Union challenges decisions to put bus routes out to tender

NBRU says action linked to concerns over privatising routes run by State companies

A trade union representing bus drivers has taken a High Court challenge to decisions by the National Transport Authority to put certain routes operated by Bus Éireann and Dublin Bus out to tender.

The National Bus and Rail Workers Union says its action arises from concerns about the effects of privatising routes currently operated by the State bus companies.

It fears the NTA move could lead to the demise of both companies.

The union claims the NTA's decision to subject to tender almost 30 routes, including routes in Dublin's commuter and outer metropolitan areas, and routes in Waterford City, breaches the exclusive rights to operate the routes guaranteed to Dublin Bus and Bus Éireann under the Dublin Transport Authority Act 2008.


In correspondence with the union, lawyers for the NTA said it is entitled to make the disputed decisions to invite tenders for the routes.

Tender notices

Following the NTA decision, notices inviting tenders for the routes were issued with the relevant contracts due to be awarded in April 2016.

In proceedings brought by the NBRU and one of its 3,000 members, Pauric Wall, who operates a route between Tullamore and Dublin via Edenderry for Bus Éireann, the court is asked to make orders quashing three decisions by the NTA dated January 22nd, 2015, to subject certain routes serviced by Bus Éireann and Dublin Bus to a tender process.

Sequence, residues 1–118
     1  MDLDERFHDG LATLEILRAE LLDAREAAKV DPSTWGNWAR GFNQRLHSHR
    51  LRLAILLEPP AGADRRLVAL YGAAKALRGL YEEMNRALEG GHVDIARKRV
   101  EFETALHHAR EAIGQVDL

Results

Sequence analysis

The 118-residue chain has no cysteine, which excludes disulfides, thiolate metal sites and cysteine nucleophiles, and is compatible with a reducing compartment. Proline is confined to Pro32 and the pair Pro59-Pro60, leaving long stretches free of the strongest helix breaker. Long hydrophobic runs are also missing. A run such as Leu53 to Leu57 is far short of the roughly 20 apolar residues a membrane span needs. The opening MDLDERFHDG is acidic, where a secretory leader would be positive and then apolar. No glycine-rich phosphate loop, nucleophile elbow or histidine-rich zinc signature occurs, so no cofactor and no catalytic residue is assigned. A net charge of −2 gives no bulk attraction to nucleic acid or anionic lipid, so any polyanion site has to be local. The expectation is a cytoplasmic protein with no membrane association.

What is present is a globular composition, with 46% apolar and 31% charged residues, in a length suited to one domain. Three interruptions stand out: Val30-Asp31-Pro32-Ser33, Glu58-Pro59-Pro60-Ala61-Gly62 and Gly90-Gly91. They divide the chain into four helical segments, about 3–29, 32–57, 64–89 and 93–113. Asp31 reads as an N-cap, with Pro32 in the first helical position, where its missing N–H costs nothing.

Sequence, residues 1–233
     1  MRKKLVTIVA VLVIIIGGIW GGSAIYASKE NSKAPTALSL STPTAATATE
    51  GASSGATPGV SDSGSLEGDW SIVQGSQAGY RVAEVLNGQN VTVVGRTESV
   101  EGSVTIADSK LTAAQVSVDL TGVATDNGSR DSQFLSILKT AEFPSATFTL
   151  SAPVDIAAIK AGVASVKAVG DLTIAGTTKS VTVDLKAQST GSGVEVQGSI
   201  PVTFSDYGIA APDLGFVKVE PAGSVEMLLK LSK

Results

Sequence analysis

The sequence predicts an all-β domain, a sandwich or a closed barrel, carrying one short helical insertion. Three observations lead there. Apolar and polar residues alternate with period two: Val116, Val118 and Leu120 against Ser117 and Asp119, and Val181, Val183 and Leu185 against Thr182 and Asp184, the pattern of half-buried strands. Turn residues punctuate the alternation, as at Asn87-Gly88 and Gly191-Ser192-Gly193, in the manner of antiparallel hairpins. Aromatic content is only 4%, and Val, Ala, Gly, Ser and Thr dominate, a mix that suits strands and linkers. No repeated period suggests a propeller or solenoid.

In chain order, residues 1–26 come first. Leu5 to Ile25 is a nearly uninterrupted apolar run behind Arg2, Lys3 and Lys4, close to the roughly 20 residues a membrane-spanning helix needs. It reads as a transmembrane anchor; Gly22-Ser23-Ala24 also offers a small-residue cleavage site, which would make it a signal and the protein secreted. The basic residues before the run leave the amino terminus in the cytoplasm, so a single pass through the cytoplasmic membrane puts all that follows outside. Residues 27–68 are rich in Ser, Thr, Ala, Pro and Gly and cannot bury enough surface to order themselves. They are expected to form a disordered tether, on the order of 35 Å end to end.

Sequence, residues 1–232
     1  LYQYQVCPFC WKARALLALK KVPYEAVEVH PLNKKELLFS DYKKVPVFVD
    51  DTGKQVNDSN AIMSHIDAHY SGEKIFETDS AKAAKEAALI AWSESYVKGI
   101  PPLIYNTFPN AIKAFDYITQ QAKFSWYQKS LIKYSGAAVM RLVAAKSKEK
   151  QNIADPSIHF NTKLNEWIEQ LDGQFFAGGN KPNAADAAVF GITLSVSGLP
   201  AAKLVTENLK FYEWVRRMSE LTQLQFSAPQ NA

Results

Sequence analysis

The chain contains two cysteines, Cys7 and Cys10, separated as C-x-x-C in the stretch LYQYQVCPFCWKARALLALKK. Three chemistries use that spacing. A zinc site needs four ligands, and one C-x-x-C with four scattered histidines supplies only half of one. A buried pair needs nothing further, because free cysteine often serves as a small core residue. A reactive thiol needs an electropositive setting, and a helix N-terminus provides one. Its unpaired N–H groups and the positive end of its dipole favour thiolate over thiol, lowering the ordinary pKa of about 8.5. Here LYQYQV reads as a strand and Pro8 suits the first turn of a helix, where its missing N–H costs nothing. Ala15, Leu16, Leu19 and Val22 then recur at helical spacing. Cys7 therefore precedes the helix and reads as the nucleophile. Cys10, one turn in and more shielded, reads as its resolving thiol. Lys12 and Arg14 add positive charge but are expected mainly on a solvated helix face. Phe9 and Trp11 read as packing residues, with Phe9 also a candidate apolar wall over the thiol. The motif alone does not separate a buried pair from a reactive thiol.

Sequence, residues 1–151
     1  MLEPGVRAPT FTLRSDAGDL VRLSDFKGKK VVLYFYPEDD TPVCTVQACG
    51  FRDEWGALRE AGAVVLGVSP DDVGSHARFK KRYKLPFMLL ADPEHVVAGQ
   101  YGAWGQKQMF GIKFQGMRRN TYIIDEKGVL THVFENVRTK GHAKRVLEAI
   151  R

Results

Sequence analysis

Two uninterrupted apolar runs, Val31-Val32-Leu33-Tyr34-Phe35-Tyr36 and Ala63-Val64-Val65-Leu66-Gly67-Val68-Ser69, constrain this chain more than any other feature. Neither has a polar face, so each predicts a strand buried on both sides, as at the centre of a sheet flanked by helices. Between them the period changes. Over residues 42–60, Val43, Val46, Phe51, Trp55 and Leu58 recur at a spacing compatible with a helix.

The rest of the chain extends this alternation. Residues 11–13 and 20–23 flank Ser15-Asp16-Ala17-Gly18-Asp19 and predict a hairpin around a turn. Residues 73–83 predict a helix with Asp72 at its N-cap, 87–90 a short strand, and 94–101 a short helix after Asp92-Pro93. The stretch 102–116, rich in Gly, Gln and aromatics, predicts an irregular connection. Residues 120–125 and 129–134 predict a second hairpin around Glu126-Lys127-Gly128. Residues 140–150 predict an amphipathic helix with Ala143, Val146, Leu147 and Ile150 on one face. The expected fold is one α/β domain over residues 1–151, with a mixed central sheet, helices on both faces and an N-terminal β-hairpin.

They argue the NTA acted outside of its powers in subjecting the routes to tender and the relevant decisions are null, void and of no legal effect.

Moving the application, Eileen Barrington SC, for the applicants, said their case is that the NTA has erred in law and has adopted an interpretation of the 2008 Act which is not legally correct and inconsistent.

The NTA was incorrect in asserting it must put certain routes out to tender in order to comply with an EU regulation concerning how member states award rights and compensate companies for providing public passenger transport services.

The relevant regulation does not require member states to privatise public passenger transport services or the servicing of public service operators routes as claimed by the NTA, it is argued.

Mr Justice Seamus Noonan granted the ex parte application (one side only represented) for leave to bring the judicial review proceedings and returned the matter to early June.